One day, the gym teacher was absent, and we had a substitute. She was robust. She was young, energetic, and she took no guff. She told us, immediately upon entering the pool, that we’d be diving off the diving board that day. My two comrades-at-arms and I went to the shallow end to hang out while everyone did this and she screamed, “Where are YOU THREE GOING?” 

By “we’ll be diving off the diving board today,” she meant we would ALL be jumping off the diving board today. Not just the Advanced Beginners on up; all of us. Including myself and the other two guys who couldn’t swim. 

Kids started diving, having the time of their lives, because we weren’t ALLOWED to use the board. That board was for the SWIM TEAM. This was exciting! And forbidden! I kept moving to the back of the line. Maybe we’d run out of time before it got to my turn. Maybe something would happen. Someone could drown; it happened all the time on the nightly news. Maybe there would be a fire drill. Something could happen. The powers that be intervened, sometimes, right? That happened, right? 

Then, my turn. No one left but me. Somehow, the other two kids in the Beginners had already gone (or maybe passed out and been carted off; I wasn’t paying much attention to anything but my own over-loud heartbeat at that point.) The other students, standing around the edge of the pool, all leggy and lovely, started talking amongst themselves in hushed tones. They didn’t like me much, but they were well aware that I DID NOT SWIM. I mean, how could they not be? We’d been in the same swimming classes for almost a decade. 

“Well?” Sub said, bright eyed and avid. 

“I don’t swim,” I said. I was starting to shake. I couldn’t even get myself to climb the ladder. 

“Everyone swims. Get up there.” I didn’t move. “Class, look at this! She’s too scared to climb the ladder! Come on, baby, everyone can swim!” 

I wouldn’t. I couldn’t. I stood at the base of the ladder, petrified, frozen, my eyes closed, wishing for the earth to open up, for something to happen. The regular gym teacher would not have allowed this. This was – this had to be illegal, right? For an adult to do this? In front of everyone? To not only force me to jump to my death, but to mock me?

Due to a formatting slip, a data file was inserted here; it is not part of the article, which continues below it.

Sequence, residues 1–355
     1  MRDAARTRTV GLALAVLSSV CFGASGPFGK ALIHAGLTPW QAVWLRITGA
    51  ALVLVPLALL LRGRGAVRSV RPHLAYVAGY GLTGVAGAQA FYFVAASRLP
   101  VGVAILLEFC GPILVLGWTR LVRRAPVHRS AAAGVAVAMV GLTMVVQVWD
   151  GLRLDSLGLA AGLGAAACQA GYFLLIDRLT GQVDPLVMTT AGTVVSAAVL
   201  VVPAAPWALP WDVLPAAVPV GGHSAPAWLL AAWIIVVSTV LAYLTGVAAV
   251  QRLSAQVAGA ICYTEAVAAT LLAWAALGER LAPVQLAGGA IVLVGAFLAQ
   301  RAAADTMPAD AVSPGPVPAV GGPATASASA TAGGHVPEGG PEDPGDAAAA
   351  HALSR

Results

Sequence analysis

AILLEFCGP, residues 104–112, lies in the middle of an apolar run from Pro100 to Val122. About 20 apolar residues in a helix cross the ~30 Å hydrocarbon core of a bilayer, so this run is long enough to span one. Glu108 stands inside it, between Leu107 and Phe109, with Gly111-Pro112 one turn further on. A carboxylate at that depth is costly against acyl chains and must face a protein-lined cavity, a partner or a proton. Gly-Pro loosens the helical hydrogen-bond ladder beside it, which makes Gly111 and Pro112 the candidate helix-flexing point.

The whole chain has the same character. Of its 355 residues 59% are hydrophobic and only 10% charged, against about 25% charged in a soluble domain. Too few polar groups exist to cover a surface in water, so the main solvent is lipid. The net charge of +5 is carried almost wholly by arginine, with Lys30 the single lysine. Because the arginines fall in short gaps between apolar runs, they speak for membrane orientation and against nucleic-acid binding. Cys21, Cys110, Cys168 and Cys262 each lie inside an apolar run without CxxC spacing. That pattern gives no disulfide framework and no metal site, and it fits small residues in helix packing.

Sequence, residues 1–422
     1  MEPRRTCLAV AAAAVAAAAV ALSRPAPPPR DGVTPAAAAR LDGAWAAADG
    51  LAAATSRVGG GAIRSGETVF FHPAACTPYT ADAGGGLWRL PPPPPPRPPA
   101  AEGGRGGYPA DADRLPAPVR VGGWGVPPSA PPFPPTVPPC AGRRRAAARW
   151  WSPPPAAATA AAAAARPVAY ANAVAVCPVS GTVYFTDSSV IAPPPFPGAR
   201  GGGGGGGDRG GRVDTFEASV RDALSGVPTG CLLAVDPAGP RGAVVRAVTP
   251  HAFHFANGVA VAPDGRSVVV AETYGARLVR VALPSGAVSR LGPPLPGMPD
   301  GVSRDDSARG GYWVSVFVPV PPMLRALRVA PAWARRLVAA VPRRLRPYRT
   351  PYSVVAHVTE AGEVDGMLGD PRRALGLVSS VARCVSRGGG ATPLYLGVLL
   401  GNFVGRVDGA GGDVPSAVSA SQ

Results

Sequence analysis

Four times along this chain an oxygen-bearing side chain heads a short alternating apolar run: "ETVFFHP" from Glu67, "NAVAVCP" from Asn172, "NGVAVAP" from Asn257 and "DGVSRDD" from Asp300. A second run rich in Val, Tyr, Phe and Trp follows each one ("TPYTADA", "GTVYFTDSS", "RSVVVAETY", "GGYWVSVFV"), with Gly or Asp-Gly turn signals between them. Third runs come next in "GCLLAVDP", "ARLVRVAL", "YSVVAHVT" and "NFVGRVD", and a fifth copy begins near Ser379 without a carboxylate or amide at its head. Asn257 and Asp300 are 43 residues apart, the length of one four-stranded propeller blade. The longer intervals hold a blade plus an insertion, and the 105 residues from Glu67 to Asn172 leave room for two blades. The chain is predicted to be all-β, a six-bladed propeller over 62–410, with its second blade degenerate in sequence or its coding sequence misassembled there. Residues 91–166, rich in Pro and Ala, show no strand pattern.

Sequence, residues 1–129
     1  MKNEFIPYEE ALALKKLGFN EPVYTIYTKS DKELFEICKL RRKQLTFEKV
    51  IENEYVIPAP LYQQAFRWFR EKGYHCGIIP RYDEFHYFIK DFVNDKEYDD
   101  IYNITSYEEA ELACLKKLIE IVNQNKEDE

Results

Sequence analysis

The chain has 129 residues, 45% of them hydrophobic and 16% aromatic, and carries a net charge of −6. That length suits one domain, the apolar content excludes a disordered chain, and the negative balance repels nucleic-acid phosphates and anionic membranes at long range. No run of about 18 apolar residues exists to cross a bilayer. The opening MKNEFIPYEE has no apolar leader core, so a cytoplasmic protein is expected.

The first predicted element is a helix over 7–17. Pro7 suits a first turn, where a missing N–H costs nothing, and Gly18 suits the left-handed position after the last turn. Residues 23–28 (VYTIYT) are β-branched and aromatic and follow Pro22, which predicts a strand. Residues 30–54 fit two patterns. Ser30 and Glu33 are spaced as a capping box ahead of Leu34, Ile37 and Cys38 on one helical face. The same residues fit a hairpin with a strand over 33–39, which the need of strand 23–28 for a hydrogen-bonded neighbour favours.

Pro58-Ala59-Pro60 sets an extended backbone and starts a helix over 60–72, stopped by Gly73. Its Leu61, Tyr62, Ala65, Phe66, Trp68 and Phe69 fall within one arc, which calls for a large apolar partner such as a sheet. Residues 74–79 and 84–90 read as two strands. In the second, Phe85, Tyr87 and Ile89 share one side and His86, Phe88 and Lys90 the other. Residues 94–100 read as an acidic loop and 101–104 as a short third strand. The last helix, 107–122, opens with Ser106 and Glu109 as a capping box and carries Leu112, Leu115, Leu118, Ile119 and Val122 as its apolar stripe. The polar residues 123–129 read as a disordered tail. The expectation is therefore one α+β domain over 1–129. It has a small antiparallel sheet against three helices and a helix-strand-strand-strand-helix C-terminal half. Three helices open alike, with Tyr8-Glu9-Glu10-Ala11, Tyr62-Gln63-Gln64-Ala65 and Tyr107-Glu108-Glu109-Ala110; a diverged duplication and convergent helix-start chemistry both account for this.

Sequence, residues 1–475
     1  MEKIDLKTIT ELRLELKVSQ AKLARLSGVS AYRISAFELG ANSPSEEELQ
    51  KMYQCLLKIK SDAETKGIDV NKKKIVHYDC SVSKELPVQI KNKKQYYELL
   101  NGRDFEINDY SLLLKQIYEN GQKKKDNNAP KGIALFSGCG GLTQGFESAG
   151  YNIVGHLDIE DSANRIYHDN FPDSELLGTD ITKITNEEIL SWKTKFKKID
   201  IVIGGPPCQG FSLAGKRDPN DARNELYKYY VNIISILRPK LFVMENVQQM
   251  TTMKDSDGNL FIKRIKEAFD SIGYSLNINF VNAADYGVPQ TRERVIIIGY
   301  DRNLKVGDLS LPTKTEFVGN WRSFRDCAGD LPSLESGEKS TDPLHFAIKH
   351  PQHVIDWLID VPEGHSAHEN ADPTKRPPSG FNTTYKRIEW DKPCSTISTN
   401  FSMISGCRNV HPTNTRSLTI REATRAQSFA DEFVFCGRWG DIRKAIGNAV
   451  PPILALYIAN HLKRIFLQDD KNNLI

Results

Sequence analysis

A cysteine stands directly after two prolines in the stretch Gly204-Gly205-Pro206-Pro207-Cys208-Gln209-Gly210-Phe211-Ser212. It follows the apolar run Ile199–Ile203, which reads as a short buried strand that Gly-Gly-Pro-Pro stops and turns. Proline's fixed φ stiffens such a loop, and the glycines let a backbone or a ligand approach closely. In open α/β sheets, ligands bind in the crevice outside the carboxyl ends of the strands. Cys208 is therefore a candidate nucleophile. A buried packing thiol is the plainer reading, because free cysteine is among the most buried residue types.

One of the popular kids piped up. “Um, she doesn’t? Swim, I mean? She can’t. She can’t even swim without a kickboard. She doesn’t even go in the deep end.” 

Sub rolled her eyes. “Fine.  Jump in from the edge, then.” 

I moved the few steps to the edge, but couldn’t make myself jump. I couldn’t. The water was too deep. I would sink. I would sink and drown. In this stinking, chlorinated, peer-pressure hell. 

She walked over, briskly. “You won’t jump in?” 

I shook my head no. The other children were, at this point, embarrassed for me. Which is possibly worse than being made fun of. 

“This is nonsense. You can swim. Everyone else jumped in. A big girl like you, acting like a baby.” 

Sub then, cocking her arms back, planted them in the center of my shoulderblades and shoved me into the deep end of the pool. 

I sank. Like a stone. When I finally bobbed to the surface, I could hear screaming, the other kids around the edge of the pool. I gasped for breath and went back under almost immediately. I didn’t know what to do. I didn’t know how to fix this. I was flailing and splashing and aware enough to be thinking, rationally, so this, this is what it’s like to drown. I didn’t think it would be so bright. I didn’t think it would be so loud.

The next time I surfaced, something smashed me where my neck meets my shoulder. Bright electric pain shot up into my head and down my arm. I grabbed at whatever it was. They say people who are drowning will pull you down; they will. I can attest to that. Because I pulled Sub, who was attempting to save me with the aluminum pole used for that purpose (and doing a bang-up job of almost knocking me unconscious with it) right into the pool with me. I bear-hugged her. I wrapped myself around her like an anaconda. If I was going down, goddammit, this bitch was going down with me. 

She somehow managed to haul me to the edge and get me out, where I sat, dripping, gasping, crying. She shook water off of herself, glaring at me, at her ruined clothing. 

“You should have told me you couldn’t swim,” she hissed. “Get up and get changed. You’re done here.” 

She didn’t come back. That was the last time she subbed for us. I don’t know if she was fired, or if she quit. I didn’t report her. The grapevine in a school is vicious; I’m sure the word got around what she’d done. Times were different then. Now she’d probably end up in jail on assault charges. Then, teachers were afforded a little more leeway. I just know she didn’t come back, and that our regular teacher never made me go in the deep end again. And that, surprisingly, to their credit, the other students didn’t mock me. I guess my near-death experience had saved me from that. 
I think back about this sometimes. I think, this couldn’t have happened like this. I do tend to put a spin on events; maybe I made it up and it didn’t happen at all? Maybe I fell in? Maybe she bumped me by accident? Memory is a funny thing, and I’ll never be accused of being a completely reliable narrator. All I can say is, this is how I remember it went down. This is what I remember happened to me. If it didn’t happen this way, blame my brain; lack of oxygen can play funny tricks, sometimes. If my body is 55% water, is my memory only 55% accurate?

I still don’t swim. I love the water, though. I love the ocean; I love lakes, rivers, mud puddles.  I’ll even get into the water, sometimes, but I won’t go over my head. Why court disaster? I walked away from it once. I can’t imagine I’ll be as lucky the second time.
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About lucysfootball

I'm not the girl with the most cake. Someday. SOMEDAY. View all posts by lucysfootball